Academic journal article The George Washington International Law Review

The Right to Water: The Road to Justiciability

Academic journal article The George Washington International Law Review

The Right to Water: The Road to Justiciability

Article excerpt


Water is the spring of life. It is essential for living. The current state of water security, however, is bleak and does not reflect water's fundamental importance.

Today, unsanitary water is the cause of serious illnesses, such as diarrheal diseases, which kill over two million people each year.1 The World Health Organization (WHO) estimates that out of 6.6 billion people, the world's current population, at least 1.1 billion do not have access to sufficient and clean drinking water.2 In addition, lack of water adversely affects hygiene, food production, the keeping of animals, small scale economic activity, and many cultural and social activities.

The United Nations declared 2003 the "International Year of Freshwater" with the aim, inter alia, to reassert the U.N.'s Millennium Declaration Goal: "[t]o halve, by the year 2015, the proportion of the world's people . . . unable to reach or to afford safe drinking water"3 and "[t]o stop the unsustainable exploitation of water resources."4 Unfortunately, notwithstanding these lofty goals, the right to water has yet to become a binding human right. No international instrument or convention deals exclusively with water, and the international community has not signaled that such an instrument is being developed. Furthermore, few countries have taken concrete steps to address the importance of water in their national legislation and agendas.

Although the Vienna Declaration has reaffirmed economic and social rights, such as the right to water, as equally important as civil and political rights,5 there remains much criticism with regard to the implementation of such rights.6 Critics often refer to the nature of economic and social rights as an inherently positive obligation, requiring the State to enact legislation and programs that make these rights non-justiciable. For example, critics argue that the implementation of economic and social rights is often subject to lack of available resources and is not based on violations in the same sense as civil and political rights.7 In this connection, socioeconomic rights cannot bind States in the way civil and political rights can. Notably, economic and social rights are subject to the concept of progressive, not immediate, realization and are thus programmatic in nature. In addition, adjudication of socioeconomic rights by the judiciary will infringe on the other branches of government.8 Courts adjudicating these rights will inappropriately question issues of budget allocation and consequently infringe on the expertise of the legislative and executive branches when creating programs.9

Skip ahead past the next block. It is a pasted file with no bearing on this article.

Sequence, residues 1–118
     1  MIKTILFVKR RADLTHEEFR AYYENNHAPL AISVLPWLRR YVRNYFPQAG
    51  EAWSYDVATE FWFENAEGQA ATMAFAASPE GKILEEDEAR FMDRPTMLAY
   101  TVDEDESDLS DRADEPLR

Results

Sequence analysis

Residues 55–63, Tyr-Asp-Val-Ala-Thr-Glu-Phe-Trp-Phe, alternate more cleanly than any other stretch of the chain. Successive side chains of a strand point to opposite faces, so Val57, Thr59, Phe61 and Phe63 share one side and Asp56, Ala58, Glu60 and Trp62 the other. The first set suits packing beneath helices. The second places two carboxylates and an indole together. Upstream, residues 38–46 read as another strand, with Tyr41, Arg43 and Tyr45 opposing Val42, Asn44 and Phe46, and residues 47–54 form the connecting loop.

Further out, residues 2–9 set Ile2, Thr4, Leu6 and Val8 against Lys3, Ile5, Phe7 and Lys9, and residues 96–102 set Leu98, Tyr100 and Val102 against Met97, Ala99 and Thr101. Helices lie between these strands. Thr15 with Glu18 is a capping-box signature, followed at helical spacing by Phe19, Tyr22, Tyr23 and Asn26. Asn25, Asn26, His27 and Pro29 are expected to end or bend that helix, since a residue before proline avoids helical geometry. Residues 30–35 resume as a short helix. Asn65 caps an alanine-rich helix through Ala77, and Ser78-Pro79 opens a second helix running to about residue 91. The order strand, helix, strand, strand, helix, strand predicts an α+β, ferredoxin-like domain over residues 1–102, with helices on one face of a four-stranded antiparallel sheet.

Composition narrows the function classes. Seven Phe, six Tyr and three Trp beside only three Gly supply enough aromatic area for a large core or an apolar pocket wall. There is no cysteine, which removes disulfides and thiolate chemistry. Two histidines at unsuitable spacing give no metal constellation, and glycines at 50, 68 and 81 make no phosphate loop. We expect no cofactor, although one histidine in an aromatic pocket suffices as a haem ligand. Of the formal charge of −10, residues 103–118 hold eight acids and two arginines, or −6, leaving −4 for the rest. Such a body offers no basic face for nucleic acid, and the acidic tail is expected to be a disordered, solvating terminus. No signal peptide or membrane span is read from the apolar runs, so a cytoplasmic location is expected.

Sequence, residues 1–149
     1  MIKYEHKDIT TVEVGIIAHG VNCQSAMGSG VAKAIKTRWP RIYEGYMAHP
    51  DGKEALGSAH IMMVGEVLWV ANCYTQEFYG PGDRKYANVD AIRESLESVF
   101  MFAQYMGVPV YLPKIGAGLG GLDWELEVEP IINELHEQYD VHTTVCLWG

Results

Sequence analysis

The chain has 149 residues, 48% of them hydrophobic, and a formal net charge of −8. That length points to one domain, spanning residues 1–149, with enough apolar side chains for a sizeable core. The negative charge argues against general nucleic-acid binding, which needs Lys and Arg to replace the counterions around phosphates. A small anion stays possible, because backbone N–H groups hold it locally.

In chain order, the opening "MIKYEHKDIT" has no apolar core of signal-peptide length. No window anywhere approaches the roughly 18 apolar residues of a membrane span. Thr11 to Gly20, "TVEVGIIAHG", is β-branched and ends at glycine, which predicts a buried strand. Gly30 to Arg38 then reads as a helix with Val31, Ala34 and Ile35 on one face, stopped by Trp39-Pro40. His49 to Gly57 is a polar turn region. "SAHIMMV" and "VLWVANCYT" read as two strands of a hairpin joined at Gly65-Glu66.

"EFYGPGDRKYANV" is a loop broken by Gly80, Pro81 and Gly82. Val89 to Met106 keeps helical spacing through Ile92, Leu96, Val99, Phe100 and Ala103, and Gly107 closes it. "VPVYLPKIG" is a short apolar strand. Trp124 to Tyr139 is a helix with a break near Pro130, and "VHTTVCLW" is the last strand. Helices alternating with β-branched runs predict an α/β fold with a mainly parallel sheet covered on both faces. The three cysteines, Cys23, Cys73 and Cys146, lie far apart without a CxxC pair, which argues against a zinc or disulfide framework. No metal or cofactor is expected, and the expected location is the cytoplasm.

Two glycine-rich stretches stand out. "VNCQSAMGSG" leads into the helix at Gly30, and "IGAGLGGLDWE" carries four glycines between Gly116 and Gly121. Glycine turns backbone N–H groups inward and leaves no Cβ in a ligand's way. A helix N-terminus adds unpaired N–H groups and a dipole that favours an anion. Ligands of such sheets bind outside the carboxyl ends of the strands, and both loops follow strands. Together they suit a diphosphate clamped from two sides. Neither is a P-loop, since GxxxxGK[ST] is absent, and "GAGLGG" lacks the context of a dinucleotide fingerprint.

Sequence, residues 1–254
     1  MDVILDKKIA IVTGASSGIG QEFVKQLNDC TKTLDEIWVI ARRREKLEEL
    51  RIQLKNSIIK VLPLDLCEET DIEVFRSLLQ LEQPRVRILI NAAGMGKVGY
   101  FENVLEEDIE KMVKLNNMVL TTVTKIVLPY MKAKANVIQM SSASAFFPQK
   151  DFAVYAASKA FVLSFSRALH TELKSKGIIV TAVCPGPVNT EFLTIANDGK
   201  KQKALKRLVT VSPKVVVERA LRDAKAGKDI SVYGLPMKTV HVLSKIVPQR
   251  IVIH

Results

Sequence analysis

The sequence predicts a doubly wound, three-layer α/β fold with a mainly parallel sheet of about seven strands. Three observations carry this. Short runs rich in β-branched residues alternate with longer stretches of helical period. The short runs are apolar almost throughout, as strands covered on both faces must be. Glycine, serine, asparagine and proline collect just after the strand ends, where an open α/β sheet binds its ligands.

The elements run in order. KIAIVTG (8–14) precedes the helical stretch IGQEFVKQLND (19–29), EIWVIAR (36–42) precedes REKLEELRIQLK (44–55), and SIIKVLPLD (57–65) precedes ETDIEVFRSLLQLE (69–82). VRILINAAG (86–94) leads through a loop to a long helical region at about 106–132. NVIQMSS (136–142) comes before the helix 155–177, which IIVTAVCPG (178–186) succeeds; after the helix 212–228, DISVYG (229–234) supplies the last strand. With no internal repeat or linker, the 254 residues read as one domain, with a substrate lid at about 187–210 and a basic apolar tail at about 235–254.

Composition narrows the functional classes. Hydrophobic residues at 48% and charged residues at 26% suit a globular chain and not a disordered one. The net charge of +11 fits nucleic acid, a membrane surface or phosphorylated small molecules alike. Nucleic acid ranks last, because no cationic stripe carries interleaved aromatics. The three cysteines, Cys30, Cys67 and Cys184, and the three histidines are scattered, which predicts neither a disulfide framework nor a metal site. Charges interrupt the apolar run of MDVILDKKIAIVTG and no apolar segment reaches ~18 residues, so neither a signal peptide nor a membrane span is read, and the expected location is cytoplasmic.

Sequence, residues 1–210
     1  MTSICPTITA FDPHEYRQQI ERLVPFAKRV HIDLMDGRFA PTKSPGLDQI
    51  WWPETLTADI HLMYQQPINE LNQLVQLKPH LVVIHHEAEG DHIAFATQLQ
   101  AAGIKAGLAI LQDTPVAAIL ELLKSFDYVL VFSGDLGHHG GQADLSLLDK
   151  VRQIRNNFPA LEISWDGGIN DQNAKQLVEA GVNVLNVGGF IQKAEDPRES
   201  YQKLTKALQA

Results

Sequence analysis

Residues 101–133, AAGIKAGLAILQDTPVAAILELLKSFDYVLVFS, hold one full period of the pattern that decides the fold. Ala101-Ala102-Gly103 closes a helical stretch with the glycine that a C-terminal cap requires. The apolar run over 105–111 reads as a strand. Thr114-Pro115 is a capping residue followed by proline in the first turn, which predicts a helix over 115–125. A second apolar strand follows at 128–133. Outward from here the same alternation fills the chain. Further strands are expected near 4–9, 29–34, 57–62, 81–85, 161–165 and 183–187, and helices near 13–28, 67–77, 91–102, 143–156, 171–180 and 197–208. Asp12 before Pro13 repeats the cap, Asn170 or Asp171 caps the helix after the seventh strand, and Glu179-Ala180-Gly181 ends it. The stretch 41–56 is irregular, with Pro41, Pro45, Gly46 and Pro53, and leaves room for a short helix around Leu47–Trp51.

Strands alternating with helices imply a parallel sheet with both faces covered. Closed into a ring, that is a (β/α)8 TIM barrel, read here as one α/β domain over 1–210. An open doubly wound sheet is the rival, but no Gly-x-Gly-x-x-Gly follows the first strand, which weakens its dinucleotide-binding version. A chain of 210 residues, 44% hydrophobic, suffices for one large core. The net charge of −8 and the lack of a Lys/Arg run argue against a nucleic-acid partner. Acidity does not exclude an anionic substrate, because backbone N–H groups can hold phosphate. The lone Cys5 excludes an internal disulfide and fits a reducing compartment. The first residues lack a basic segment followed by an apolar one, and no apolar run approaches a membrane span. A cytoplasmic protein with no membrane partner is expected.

This Article evaluates the status of water as a human right and addresses some of the major critiques of economic and social rights by demonstrating that it is possible to implement and ultimately adjudicate the right to water within a domestic context. Part II outlines the normative status of the right to water in international human rights law, including the Committee on Economic, Social and Cultural Rights' (CESCR) General Comment 15. In this regard, the Article highlights the link between the right to water and other human rights, such as the right to food. It also focuses on foreign and international case law addressing economic and social rights. Part III uses South Africa as a case study to illustrate how concrete steps might be taken at the domestic level to provide for the right to water. It discusses South Africa's approach to the right to water in light of General Comment 15 and some of the major challenges to providing for safe and accessible water, including justiciability, the availability of resources, and the separation of powers doctrine. In conclusion, the Article outlines some major challenges and recommendations concerning the right to adequate water.


Placing access to water and water scarcity in a human rights law framework will achieve a number of important objectives. …

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